It’s the end of an era for Hungarian football. The country’s most impressive and recognized stadium is officially closed and awaiting demolition. New one will be even larger, which raises questions.
It was the place for Hungary’s greatest derbies and European cup games. It saw 192 official games of the national team. It was the stage for Hungarian football’s glorious era in 1950s and 60s. This is where legends Ferenc Puskás and Sándor Kocsis gave some of their stunning performances.
Now the most important part of its history is the past tense: Puskás Ferenc Stadion is officially closed and will no longer hold such crucial games. Final farewell took place on Monday with a series of friendly games. These included derbies like Ferencvaros – Vasas or Ujpest Honved, but also rather awkward fixtures between Winemakers and Writers or Lawyers vs. Doctors.
Despite free entrance for the event, stands were hardly crowded. The event’s 6-hour formula proved not as appealing as organizers had hoped, while the stadium’s legend has already faded significantly. Last competitive game of Hungary was played here back in 2014, because the team later moved to newer venues of Ferencvaros and Debreceni VSC.
These stadiums aren’t only newer, but also much smaller. This has become the curse of Puskas Stadion, which proved far beyond regular ticket demand even for high-profile international fixtures. Once the golden days had passed, it just didn’t suit the needs.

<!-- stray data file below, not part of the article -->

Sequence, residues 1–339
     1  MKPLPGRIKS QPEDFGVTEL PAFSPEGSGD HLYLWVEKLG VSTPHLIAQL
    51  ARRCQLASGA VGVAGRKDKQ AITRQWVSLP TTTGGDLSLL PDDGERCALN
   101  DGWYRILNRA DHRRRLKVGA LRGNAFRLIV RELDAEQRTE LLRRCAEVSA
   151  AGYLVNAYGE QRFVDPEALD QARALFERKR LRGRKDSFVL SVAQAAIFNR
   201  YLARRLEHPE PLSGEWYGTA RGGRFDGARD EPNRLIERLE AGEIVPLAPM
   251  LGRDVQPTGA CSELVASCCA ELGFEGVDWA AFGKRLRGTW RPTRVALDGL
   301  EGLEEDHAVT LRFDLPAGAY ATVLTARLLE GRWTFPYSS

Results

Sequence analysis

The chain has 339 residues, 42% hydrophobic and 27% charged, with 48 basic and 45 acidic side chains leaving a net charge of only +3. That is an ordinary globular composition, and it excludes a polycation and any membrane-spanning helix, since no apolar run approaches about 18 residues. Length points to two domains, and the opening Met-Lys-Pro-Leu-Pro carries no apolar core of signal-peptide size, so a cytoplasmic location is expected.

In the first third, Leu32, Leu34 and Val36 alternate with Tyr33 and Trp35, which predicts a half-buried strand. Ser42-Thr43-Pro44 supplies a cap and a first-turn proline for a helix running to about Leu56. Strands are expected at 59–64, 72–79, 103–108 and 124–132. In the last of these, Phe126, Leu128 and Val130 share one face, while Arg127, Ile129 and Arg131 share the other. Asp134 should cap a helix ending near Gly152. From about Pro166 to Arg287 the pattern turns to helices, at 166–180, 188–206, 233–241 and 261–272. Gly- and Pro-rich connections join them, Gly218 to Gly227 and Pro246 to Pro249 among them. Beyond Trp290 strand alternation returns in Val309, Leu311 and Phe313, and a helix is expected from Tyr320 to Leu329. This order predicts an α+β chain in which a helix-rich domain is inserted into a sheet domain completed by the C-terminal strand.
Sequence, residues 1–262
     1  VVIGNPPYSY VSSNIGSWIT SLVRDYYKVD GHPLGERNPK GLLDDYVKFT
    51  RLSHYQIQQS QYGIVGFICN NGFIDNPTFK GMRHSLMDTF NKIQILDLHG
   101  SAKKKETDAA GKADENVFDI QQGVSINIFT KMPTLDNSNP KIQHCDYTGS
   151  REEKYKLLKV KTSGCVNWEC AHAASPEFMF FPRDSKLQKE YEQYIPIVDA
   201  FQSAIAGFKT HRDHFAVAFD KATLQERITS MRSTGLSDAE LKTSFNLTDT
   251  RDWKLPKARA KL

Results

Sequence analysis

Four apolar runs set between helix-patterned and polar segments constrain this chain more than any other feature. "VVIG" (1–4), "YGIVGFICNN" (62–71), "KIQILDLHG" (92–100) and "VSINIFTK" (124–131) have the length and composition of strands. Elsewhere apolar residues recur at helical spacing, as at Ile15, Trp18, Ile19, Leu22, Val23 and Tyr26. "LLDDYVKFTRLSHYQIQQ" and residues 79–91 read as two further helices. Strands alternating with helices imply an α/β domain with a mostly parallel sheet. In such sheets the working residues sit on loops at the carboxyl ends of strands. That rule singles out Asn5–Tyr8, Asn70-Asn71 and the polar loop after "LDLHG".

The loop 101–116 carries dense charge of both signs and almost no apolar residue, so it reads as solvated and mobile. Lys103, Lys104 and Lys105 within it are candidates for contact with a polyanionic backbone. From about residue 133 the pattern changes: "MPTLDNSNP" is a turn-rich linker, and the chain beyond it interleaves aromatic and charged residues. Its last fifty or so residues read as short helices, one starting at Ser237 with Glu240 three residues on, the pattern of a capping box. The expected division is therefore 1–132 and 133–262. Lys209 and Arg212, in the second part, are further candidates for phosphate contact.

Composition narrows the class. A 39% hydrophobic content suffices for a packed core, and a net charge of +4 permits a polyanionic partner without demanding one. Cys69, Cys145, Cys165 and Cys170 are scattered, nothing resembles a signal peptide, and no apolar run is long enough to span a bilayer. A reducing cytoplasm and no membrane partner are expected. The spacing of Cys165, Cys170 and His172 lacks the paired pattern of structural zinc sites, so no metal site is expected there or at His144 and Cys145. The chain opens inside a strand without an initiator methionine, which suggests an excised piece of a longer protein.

Which also makes the new planned stadium controversial. Once demolition ends and foundation works go on, we’ll begin to see an even larger structure growing from 2016 to 2019. Despite capacity being within the current stadium’s size (just under 68,000), its actual size will be far bigger than the current structure’s.
And is there a need for 68,000 seats for any Hungarian games, be it domestic or international? The answer is a very simple ‘no’, which is why there’s been quite some criticism of the impressive scheme.
Even more so after non-football commercial uses were scrapped due to cost-cutting efforts. While it may keep the stadium at around 100 billion forints ($360m / €320m), it will surely make any attempts at generating revenue year-round much harder.
Just how much the stadium will cost and generate is yet to be seen. For now the already delayed project has to begin in order to meet UEFA’s deadline of 2019 for delivery. This will be early enough to host the Euro 2020 without problems. A great, prestigious beginning for the new stadium is already secured with this tournament, but will regular use prove as impressive?